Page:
THAT TEXAS BLOOD #1, available from Image Comics on June 24th, is the latest neo-Western series from Chris Condon and Jacob Phillips. Sheriff Joe Bob Coates is feeling the weight of age and the end of his career in the sleepy Texas county of Ambrose. What starts as a day-in-the-life profile of a Texas sheriff ends in a violent gut punch. Ambrose County harbors ghosts of regret and bloody secrets, and it’s not done with Sheriff Joe Bob just yet.
True to the genre, Phillips’ cover work is reminiscent of every Sergio Leone spaghetti western poster from the 1960s. Sheriff Coates is painted in great detail while the background is fiery red paint strokes. This style keeps you focused where it matters, squarely on the main character in his Hell on Earth. Phillips’ cover is a gorgeous piece that foreshadows the series perfectly.
Condon sets up a profoundly oppressive – almost crushing – sense of dread on nearly every page for this story. Sheriff Coates goes about his daily routine as he tries to forget it’s his 70th birthday. The gruesome acts of violence he’s witnessed in his career haunt him, and he increasingly thinks about how there’s less life ahead than behind. In many ways, Sheriff Coates’ story is about wanting to forget the bad things in life and how life finds ways to bring the painful past back.
As you can imagine, not everyone or everything is as peaceful as they seem in Ambrose County. Condon creates a world that’s slowly simmering underneath with anger and violence that keeps building through the issue. The publisher’s description makes comparisons to No Country For Old Men (2007) in tension and tone, and that would be accurate.
Phillips’ art excels where it counts most for this type of story: the faces. The interior is much less detailed than the cover, so every panel Phillips draws is focused on the facial expression of the characters. There’s not a lot of action here, and when the violence happens, it’s brief, albeit no less shocking. So the weight of each panel is carried by the characters’ emotions. Sheriff Coates’ eyes are expressive, especially the wrinkles around the eyes that betray the tiredness he’s trying to hide. Without realizing it, you intuitively understand that every line and every wrinkle and every bruise is deliberately placed to let you know what the characters are feeling.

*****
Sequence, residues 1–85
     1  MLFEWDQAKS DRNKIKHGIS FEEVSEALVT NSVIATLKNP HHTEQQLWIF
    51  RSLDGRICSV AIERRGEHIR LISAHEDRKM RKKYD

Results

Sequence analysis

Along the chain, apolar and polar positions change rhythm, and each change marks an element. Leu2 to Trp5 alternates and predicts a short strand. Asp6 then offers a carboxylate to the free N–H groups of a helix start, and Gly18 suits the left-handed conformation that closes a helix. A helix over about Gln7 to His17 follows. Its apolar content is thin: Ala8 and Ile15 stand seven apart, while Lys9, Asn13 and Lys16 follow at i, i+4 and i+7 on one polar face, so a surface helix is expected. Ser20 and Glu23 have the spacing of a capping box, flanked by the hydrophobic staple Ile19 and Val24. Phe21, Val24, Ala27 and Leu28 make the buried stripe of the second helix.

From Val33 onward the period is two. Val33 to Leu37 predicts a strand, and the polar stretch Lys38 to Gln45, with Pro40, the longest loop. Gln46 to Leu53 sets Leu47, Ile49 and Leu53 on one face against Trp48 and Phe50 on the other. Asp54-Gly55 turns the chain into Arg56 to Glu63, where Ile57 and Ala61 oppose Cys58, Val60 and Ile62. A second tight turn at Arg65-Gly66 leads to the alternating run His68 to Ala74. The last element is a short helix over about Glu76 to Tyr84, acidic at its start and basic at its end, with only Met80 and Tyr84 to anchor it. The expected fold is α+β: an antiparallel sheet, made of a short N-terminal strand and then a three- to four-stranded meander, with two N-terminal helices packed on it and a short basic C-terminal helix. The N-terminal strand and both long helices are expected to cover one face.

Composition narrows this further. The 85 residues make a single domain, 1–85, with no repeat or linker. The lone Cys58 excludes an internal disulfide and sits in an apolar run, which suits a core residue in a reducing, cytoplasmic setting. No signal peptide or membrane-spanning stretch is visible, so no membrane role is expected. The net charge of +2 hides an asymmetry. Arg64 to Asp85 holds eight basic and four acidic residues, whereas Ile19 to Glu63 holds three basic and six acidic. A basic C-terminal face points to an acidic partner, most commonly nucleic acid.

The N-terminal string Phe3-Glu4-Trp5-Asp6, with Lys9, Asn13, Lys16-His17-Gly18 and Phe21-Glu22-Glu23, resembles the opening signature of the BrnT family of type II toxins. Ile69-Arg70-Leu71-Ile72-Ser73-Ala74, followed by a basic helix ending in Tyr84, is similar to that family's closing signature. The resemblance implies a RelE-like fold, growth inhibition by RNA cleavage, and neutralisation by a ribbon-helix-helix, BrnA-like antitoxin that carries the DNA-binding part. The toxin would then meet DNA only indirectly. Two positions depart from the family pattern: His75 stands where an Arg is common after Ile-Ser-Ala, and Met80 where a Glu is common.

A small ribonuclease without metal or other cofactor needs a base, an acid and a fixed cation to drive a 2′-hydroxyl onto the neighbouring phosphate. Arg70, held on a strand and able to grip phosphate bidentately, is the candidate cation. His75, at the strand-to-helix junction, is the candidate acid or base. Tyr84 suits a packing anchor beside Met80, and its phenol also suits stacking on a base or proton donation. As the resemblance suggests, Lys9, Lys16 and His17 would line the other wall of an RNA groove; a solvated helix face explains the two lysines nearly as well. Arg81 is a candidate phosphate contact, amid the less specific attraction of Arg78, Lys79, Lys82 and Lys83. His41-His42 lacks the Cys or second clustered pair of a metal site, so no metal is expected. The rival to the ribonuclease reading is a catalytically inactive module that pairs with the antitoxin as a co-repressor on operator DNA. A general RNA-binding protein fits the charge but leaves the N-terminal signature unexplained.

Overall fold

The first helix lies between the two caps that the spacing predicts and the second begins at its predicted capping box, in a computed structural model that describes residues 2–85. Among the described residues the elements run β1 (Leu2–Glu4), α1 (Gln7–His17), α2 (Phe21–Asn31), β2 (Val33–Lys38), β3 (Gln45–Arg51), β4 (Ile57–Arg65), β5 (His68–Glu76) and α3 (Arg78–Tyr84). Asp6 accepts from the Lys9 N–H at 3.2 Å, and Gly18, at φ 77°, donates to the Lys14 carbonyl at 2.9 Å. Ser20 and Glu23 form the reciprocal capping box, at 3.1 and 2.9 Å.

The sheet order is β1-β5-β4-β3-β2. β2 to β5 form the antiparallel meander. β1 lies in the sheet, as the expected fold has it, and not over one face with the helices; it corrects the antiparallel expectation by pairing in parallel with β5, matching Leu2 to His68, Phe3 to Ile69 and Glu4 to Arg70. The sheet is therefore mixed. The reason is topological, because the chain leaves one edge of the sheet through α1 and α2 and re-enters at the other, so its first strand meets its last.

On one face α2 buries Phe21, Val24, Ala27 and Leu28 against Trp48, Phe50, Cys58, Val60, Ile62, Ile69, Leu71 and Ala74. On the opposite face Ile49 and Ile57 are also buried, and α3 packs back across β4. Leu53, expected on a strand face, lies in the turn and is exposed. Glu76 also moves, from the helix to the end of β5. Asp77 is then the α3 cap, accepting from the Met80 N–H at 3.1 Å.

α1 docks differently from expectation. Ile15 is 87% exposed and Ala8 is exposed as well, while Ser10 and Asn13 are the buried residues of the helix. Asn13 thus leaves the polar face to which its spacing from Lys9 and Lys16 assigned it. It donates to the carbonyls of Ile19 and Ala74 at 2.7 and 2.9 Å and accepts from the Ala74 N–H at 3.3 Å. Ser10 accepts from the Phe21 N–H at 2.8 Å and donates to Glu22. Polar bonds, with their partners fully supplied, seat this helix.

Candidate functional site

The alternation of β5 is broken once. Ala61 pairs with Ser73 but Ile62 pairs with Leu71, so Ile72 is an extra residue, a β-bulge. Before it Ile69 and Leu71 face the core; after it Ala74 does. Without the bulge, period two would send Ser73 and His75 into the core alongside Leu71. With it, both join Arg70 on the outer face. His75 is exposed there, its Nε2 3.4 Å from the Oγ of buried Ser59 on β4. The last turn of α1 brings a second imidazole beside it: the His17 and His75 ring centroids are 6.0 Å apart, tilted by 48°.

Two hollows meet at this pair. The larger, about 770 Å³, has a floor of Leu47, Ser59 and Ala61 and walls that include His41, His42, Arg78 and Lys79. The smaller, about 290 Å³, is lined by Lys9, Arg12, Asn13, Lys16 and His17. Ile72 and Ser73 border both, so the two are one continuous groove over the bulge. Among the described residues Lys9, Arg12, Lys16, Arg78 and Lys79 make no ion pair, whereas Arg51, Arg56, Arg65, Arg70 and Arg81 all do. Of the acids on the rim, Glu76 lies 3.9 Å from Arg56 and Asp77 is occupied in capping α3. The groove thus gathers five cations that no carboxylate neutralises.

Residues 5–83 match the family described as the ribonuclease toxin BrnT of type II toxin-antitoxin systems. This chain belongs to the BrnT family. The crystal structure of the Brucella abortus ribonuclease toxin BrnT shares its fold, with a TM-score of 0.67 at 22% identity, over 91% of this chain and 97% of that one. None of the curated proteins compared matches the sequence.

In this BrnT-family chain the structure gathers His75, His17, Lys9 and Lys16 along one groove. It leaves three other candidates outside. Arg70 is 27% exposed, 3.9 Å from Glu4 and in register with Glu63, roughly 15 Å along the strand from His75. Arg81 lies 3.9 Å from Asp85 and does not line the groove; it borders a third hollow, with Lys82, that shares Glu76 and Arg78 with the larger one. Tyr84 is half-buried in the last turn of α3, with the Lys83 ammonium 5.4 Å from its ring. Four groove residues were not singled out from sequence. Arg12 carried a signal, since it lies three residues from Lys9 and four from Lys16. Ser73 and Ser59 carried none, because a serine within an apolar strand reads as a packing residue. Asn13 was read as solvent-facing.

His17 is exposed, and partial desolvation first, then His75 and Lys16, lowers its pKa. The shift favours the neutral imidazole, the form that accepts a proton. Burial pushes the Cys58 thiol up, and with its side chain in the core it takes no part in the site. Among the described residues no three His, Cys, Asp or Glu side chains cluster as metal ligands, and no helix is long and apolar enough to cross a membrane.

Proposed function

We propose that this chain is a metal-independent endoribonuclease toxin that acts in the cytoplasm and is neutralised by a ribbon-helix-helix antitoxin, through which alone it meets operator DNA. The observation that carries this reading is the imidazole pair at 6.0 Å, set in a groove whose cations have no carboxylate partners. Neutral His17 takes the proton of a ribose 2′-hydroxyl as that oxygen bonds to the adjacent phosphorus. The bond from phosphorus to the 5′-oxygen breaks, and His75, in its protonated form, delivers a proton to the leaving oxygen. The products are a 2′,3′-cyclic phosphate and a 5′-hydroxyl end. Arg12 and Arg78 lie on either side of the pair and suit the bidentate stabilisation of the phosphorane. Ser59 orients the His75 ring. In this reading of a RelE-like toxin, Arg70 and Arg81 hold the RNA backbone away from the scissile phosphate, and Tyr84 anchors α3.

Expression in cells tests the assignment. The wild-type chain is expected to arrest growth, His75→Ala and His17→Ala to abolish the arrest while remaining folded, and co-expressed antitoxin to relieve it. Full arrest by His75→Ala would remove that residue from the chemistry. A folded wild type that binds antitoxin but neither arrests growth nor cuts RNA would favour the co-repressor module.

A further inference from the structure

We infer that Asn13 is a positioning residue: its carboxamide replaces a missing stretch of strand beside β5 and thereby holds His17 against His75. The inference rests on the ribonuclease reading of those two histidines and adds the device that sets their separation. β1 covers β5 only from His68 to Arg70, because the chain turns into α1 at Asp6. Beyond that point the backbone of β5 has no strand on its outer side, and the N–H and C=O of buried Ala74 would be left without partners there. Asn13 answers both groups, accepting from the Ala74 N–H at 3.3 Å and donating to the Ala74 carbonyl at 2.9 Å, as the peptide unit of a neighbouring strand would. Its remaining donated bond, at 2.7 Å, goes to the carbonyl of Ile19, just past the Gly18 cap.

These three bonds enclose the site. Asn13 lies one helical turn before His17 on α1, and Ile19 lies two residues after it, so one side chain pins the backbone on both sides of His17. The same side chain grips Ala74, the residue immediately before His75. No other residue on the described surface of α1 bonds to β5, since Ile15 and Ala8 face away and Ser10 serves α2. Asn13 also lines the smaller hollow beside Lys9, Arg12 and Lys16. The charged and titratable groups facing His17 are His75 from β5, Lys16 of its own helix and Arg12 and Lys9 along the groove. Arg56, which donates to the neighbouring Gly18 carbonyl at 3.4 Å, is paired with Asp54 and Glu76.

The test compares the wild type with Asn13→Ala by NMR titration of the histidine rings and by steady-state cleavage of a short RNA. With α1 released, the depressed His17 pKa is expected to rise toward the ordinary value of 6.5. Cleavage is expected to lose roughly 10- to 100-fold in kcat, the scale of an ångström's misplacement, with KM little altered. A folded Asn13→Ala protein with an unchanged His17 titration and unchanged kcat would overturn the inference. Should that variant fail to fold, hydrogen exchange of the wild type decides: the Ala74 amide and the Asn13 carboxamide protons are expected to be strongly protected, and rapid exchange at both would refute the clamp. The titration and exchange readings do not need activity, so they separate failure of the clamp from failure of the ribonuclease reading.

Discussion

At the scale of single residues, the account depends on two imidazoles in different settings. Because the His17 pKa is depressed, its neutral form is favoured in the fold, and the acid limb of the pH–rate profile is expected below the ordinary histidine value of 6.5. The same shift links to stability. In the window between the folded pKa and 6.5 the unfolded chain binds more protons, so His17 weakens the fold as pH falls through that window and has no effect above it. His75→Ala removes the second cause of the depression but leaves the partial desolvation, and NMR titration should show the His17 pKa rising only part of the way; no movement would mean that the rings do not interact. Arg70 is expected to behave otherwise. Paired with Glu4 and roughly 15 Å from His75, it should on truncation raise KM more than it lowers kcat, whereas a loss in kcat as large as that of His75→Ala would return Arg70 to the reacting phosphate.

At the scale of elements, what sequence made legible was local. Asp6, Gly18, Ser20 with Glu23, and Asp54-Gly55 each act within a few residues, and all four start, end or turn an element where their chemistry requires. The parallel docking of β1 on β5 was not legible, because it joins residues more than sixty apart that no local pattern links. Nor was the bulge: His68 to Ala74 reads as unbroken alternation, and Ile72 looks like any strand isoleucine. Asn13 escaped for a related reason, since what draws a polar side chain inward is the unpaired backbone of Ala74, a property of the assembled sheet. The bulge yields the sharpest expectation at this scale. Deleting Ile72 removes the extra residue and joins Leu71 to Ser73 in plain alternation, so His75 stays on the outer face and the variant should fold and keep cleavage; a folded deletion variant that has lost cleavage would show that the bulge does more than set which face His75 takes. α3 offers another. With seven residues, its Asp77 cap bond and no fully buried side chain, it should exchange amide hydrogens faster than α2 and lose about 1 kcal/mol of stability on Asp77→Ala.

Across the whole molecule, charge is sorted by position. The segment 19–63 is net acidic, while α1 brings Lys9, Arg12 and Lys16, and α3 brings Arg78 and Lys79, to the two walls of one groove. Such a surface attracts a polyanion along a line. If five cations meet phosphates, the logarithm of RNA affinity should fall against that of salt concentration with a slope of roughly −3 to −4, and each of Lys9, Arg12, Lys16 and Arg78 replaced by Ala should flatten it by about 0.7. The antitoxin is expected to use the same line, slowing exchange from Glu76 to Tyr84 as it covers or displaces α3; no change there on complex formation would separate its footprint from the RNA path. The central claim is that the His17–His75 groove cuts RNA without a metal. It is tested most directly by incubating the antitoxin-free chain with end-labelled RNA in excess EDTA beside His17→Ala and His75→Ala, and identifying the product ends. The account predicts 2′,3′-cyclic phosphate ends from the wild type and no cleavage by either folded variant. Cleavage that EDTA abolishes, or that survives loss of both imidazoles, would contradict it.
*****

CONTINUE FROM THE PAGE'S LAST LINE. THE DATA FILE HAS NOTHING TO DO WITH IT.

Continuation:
Favorite Page/Panel: The last panel on page 23 stood out as the favorite because it’s the only real bit of humor in the whole issue. The Sheriff radios to his wife that he has her casserole dish (you have to be there to get it) and the juxtaposition between the Sheriff’s comment and the events of the scene is both surreal and brimming with black humor. You know, at that point, that you’re in for a wild ride.
Consistent with the poster, colors are a red-hued spectrum that immerses the reader in the heat and oppression of this Texas setting. In another story, the colors would look flat and garish. Combined with the artwork here, the colors become feverish and tense, adding to the slow burn of the story.
Since this is more a character piece than an action book, there’s a heavy emphasis on the dialog. Specifically, you have a county where folks who’ve known each other forever interact in short phrases and casual chit chat. The dialog needs to feel authentic and real, and the lettering completely works on that level with the artwork. The short, clipped phrases spoken by each character are executed just right to make the reader feel like they’re witnessing a conversation that can happen on any street corner or grocery store of some old town.
THAT TEXAS BLOOD #1, available from Image Comics on June 24th, is a slow burn that packs a punch at the end. The writing builds tension almost to the breaking point, and the artwork convinces you there are ten years of history behind every glance. THAT TEXAS BLOOD #1 is a must-read book for neo-Western fans.
Author’s Note: Local Comic Shops (LCS) are going through a tough time right now with the pandemic outbreak of COVID-19. Comics fans of every flavor that care about his or her LCS should try to do what they can. So, here’s my part:
If you’re in Northern Delaware, South East Pennsylvania, or Southern New Jersey area, please take a moment to visit Captain Blue Hen Comics in Newark, DE. Say ‘hi,’ pick up a book, order a book (they’re on Comichub.com), and let them know you support them.
If you’re nowhere near that area, please find YOUR LCS using Comic Shop Locator and lend your support.
Thanks, and stay safe.